The ultimate aim of field courses should be to enable students to work autonomously in the field. Student- and problem-centered approaches to learning in the field afford students much autonomy, but unlike in the more traditional show-and-tell approach, independent projects have so far required that students spend a significant amount of time working in the field without access to supervision. Unless students are competent enough to experience proficiency and a feeling of controlling the quality of their own work, such autonomy is detrimental to student motivation.
We developed a knowledge-based tutoring system, the Utrecht Companion to the Earth, that allows an integrated asynchronous online supervision of students’ field activities. In other words, the student’s smartphone or tablet becomes their just-in-time field instructor. The system allows us to make available learning materials in different formats, such as infographics, checklists, quizzes, or knowledge clips. These materials are presented on a cartographic background that can be toggled between a topographic and geological map.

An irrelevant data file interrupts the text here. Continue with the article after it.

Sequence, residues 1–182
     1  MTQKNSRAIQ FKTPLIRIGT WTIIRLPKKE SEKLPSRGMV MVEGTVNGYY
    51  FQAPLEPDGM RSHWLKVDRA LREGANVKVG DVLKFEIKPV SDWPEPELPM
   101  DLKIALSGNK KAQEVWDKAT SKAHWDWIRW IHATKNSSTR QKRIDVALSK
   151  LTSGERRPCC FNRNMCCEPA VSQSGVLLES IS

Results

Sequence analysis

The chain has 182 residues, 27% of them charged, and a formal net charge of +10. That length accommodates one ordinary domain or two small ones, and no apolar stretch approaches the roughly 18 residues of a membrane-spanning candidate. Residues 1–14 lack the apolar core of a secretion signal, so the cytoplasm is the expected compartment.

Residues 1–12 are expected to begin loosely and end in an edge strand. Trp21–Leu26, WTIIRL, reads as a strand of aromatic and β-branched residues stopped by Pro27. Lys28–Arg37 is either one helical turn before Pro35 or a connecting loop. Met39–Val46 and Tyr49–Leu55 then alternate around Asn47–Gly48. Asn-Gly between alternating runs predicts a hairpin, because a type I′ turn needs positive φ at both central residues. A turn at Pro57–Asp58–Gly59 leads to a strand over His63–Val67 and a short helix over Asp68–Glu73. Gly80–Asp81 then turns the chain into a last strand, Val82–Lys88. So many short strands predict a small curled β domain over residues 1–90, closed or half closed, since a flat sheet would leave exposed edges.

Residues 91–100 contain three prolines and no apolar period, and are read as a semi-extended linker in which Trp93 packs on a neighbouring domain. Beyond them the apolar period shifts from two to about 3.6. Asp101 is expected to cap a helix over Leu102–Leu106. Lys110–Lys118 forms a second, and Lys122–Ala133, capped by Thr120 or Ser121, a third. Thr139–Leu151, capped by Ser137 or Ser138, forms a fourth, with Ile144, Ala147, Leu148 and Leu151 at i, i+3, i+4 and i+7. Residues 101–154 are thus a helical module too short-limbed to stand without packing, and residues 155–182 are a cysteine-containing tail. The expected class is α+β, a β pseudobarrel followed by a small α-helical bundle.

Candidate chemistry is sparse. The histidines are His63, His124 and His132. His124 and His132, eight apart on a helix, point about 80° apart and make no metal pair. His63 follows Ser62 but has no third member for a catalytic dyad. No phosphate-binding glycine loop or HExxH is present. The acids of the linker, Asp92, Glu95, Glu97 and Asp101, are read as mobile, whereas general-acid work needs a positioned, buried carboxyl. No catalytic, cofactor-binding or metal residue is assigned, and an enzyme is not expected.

The intended outcome of adopting our system in field courses is a richer learning environment in which students learn more, achieve higher-order learning outcomes, and experience feelings of proficiency by having a more productive interaction with earth structures and materials. The learning materials meet the immediate need of a student exactly when it arises allowing them to acquire knowledge and skills. Face-to-face time in the field with an instructor can then be used to achieve higher-order learning outcomes, focusing not on acquiring knowledge, but on gaining insight and understanding.